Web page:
Tilling your garden is a tough job. Any gardener will get a workout from pushing and pulling a tiller, because the tines dig into the soil, chew up the dirt, and send the machine bouncing up and down and lurching forward. Fortunately, we found that the latest tiller innovations make the machines easier to use.
FOUR TIMES TWO. Four-cycle gasoline engines have been the standard powerplant on full-size tillers for 10 years. We’re pleased that four-cycle engines are coming into vogue in the lighter-duty cultivator. Today, the majority of gasoline cultivators now have a four-cycle engine rather than a two-cycle engine, which requires you to mix gasoline and oil to run the engine.
We found that eight of the 13 gasoline cultivators that are on the market have a four-cycle engine and start at $300. Three years ago, only four of the 13 gasoline cultivators that were on the market had four-cycle engines. They also started at $300.
Kriss Schrader of online retailer Tillers Direct tells us that companies are “slowly backing away” from making two-cycle cultivators rather than going through the complicated emissions regulations process that California Air Resources Board (CARB) and Environmental Protection Agency require for two-cycle outdoor power equipment.
“Two-cycle engines are tougher and tougher to get past CARB ratings, and manufacturers don’t want to lose out on California,” Schrader says. “Companies just don’t want to deal with the hassle of it. They’d rather stick to four-cycle engines.”
Cultivators that have four-cycle engines typically cost at least $80 more than do cultivators that have two-cycle engines and an equal tilling width and warranty. However, Steve LePera of Mantis Tiller, which makes four-cycle and two-cycle models, says his company expects consumers to gravitate to four-cycle cultivators. “You don’t have to mix oil and gas with [four-cycle models]. Plus, they start a little easier and run a little cleaner,” LePera says. “The long-term trend is moving toward four-cycle due to the ease of operation.”
CHARGE AND GO. Meanwhile, battery-powered cultivators also are more prevalent than ever before. Just two battery-powered cultivators were on the market 3 years ago, and they started at $419. Now, the market has six, and they start at $90. However, experts tell us that battery-powered cultivators have limited usability.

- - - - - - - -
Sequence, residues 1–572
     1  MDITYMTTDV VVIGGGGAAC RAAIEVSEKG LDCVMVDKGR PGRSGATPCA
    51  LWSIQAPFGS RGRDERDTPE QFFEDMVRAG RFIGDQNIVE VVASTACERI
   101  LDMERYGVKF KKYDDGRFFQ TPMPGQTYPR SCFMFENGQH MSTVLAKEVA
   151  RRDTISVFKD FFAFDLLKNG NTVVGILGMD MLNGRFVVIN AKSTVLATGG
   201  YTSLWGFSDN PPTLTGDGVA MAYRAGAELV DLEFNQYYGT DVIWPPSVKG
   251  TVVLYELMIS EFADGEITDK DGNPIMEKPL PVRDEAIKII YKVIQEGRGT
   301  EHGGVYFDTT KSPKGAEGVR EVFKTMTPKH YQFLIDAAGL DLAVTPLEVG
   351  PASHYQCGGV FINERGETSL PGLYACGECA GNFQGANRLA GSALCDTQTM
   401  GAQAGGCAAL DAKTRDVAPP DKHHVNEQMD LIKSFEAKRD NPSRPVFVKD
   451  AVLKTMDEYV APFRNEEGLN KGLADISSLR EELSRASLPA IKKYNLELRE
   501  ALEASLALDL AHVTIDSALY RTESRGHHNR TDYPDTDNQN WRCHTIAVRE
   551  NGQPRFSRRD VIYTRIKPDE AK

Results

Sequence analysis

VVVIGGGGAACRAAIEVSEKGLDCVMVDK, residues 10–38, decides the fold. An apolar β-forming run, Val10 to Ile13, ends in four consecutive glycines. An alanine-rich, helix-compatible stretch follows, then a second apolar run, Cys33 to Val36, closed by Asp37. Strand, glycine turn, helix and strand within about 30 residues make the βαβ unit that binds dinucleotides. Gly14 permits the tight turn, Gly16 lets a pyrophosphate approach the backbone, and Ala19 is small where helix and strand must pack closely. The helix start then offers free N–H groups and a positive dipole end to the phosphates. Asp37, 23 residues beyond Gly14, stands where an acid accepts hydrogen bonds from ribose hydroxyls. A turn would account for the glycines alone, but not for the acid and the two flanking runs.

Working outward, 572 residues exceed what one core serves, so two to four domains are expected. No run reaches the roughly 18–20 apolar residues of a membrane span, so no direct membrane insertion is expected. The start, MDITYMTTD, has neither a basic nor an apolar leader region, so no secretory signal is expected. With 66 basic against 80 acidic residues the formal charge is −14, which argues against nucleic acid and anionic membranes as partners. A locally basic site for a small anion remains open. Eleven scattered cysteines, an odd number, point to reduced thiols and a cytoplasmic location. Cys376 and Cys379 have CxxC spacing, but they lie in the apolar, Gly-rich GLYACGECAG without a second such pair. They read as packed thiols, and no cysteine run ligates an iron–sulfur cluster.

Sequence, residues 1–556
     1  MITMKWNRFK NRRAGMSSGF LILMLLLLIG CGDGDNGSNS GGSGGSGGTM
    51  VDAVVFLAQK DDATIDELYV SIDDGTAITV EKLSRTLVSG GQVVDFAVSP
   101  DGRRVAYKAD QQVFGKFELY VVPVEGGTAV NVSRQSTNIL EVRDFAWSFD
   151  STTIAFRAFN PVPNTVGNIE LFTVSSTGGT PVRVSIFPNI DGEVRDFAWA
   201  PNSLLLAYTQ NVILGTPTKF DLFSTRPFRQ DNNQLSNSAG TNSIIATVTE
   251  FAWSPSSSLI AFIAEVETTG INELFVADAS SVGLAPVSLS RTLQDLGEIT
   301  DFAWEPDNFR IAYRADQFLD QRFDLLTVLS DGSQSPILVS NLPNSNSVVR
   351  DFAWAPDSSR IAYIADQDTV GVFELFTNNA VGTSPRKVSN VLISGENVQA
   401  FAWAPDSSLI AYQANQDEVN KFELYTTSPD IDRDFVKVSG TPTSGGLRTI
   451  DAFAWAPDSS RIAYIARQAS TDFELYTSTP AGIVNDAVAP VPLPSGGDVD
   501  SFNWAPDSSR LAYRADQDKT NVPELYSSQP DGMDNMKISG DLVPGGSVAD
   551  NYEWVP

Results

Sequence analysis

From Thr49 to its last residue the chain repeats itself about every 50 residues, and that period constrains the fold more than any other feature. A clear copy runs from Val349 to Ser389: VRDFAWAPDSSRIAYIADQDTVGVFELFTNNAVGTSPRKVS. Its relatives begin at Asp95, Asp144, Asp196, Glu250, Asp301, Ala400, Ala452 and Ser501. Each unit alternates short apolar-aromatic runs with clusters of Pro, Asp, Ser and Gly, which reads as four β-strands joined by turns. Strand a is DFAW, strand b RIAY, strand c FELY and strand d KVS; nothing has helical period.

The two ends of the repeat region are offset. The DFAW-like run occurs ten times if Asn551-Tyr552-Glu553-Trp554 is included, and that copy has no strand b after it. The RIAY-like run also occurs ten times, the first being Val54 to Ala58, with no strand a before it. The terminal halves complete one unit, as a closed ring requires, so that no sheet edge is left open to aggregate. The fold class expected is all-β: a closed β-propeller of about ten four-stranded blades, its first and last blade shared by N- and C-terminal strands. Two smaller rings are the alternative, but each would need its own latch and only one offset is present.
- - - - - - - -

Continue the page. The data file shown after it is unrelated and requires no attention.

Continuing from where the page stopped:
If you plan to use a battery-powered cultivator on grass or dirt that hasn’t been broken, you won’t be happy, Schrader says. “I would be surprised if you got 5–10 minutes [of run time] out of it in that situation.”
Hard-face Tines: Good for Pros
Based on our hands-on evaluations, we found that battery-powered cultivators work best when you want to do some light weeding in already-tilled ground or if you want to break up already-loosened soil. In other words, they’re adequate if you have a small, established garden that has few weeds and narrow space between the rows, says Chuck Obendorf of MTD Products, which sells battery-powered cultivators under two brands.
The GreenWorks G-Max 27062 ($299) has the highest voltage battery (40 volts) of any battery-powered cultivator that’s on the market, and we found that that model has a battery life of up to 40 minutes, compared with other battery-powered cultivators, which have a battery life of up to 20 minutes.
In 2014, GreenWorks introduced a chainsaw, a hedge trimmer, a lawnmower, a leafblower and a snowthrower that each has an 80-volt battery. However, the company won’t say whether it plans to introduce a cultivator that has an 80-volt battery. Such a development would boost battery life to roughly an hour in a cultivator, Schrader estimates.
Experts tell us that more battery-powered cultivators will be introduced in the next 3 years. Mantis doesn’t make a battery-powered cultivator, but LePera tells us that the company is researching improvements in battery technology as it pertains to cultivators.